The 'ticker patrol' moves swiftly through the halls as a sea of white following our attending from patient to patient. It's obvious the cardiologist is concerned about his heart; early morning runs, always using the stairs, and driven to maintain a healthy diet. He sees first hand how people destroy one of the most important organs in their body simply by how they live. His brisk demeanor, lively teaching style and caring bedside manner have taught me more about being a good physician in a week than some preceptors do in a month or more. He loves what he is doing and it shows in every aspect of his practice. How appropriate for one who cares for the heart.
We feel for pulses, look for venous distention and listen for the "Lub Dub" as reassuring signs or good cardiac function. I continue to be amazed by the amount of information one can pick up from some tests, especially the electrocardiogram (ECG). This electrical picture of the heart tells a story of where a heart has been, what it is doing and what may happen if treatment is not given. Yet the ECG is only one piece of the puzzle that can be complimented by other studies and tests, all in an effort to preserve the life giving organ.
I remember the first time I performed CPR on a patient like it was yesterday. It was a child not more than 5 years old. The room was filled with so many health care providers that there was barely room to move. I was the last to attempt resuscitation efforts. Not long after I started, the parents entered the trauma suite to be with their child for the last time while the heart was pumping blood to the tissues. In between compressions I distinctly remember looking around and noticing that there was not a dry eye present. It then hit me that my compressions were no longer for the child, but for the parents who longed to have their child once more. It is no surprise that we use the heart as a symbol of love, for it carries that emotion throughout humanity.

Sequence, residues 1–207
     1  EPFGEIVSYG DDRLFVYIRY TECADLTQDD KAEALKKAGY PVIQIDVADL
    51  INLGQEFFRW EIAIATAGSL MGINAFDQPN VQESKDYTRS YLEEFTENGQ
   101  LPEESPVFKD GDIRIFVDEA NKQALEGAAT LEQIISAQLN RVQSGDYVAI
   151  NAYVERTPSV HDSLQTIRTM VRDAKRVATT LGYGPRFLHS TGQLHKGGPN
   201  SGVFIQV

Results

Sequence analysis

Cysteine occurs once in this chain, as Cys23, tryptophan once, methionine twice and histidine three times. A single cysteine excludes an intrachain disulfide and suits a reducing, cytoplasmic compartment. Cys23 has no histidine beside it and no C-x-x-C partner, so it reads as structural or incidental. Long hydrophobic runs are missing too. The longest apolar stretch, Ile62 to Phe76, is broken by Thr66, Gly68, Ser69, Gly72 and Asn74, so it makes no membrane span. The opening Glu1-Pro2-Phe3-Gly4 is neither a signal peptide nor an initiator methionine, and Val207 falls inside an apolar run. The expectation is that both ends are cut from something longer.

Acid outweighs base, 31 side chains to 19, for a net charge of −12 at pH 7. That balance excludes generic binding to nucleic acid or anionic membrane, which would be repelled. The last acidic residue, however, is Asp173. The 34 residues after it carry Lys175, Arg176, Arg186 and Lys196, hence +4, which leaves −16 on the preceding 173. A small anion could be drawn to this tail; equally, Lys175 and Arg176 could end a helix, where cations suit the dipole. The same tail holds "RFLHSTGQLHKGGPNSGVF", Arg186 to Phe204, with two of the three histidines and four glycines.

Question of the Week
With the new year it is time to say goodbye to a rather useful resource, wikitestprep is no longer in operation. The question then is this:
What other free resources are available to students wanting to prepare for the medical licensing board exams?Please leave your answers in the comment section.